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  • Print publication year: 2012
  • Online publication date: June 2012

5 - The Great Depression and Keynes’s General Theory


John Maynard Keynes corresponded with George Bernard Shaw for decades after meeting him at Cambridge. Shaw was not only a famous playwright, but also an amateur economist (see Chapter 7). In January 1935 Keynes wrote to Shaw:

To understand my state of mind, however, you have to know that I believe myself to be writing a book on economic theory which will largely revolutionize– not, I suppose, at once but in the course of the next ten years– the way the world thinks about economic problems.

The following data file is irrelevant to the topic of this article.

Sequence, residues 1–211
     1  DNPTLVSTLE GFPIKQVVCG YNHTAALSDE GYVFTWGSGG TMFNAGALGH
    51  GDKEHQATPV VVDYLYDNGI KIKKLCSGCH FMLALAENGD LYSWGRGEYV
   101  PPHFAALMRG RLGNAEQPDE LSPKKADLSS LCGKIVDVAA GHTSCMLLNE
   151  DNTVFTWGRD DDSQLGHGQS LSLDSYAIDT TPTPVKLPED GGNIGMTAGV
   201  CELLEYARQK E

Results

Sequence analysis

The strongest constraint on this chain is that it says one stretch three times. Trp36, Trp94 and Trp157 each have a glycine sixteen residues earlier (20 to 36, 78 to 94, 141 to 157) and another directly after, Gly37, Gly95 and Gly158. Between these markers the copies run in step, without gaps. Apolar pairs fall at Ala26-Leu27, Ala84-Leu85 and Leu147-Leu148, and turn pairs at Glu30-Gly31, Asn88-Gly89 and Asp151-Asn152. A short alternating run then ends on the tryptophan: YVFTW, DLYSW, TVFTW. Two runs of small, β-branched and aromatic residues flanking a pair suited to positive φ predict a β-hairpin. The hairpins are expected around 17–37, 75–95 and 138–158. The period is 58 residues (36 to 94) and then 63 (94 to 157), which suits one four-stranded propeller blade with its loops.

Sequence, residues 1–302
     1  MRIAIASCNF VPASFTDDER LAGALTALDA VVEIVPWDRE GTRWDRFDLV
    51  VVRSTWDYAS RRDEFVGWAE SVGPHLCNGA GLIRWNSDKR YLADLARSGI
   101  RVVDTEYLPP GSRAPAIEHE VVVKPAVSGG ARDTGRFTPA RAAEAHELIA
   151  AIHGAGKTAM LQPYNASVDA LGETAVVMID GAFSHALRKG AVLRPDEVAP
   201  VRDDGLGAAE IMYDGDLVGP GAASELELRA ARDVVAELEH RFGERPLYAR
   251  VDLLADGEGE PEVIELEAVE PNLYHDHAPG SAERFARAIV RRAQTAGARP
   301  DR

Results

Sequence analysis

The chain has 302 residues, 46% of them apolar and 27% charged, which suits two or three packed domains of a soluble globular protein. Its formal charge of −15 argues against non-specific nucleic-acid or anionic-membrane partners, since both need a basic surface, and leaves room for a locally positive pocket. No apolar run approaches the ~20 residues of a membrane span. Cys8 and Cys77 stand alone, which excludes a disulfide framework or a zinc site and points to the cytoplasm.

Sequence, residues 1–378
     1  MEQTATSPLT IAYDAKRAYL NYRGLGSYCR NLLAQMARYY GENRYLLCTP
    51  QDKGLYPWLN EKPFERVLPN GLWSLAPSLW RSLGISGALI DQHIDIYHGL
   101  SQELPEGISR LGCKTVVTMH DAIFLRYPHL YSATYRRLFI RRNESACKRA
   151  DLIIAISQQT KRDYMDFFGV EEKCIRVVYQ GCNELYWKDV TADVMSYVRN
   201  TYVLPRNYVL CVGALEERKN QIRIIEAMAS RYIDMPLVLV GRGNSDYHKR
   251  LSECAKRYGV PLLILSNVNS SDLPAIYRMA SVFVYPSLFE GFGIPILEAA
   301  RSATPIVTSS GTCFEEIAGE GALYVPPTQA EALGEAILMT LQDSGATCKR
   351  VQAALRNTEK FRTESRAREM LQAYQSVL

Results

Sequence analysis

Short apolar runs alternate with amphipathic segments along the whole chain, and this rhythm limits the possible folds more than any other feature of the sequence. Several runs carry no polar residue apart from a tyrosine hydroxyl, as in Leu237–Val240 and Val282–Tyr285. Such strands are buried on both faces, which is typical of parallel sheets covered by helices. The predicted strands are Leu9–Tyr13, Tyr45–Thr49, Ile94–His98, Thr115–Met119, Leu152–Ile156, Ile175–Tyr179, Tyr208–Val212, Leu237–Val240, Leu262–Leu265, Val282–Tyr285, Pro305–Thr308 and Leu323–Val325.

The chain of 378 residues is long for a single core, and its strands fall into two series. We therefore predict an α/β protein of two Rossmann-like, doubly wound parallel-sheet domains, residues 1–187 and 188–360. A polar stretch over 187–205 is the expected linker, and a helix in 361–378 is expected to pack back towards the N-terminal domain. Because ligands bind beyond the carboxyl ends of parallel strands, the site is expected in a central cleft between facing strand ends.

Keynes’s forecast was remarkably accurate. His characterization of his project as “a book on economic theory,” however, was a slightly misleading. Despite the eventual publication title of The General Theory of Employment, Interest, and Money, he was– as many commentators have noted– very much writing a tract for the times.

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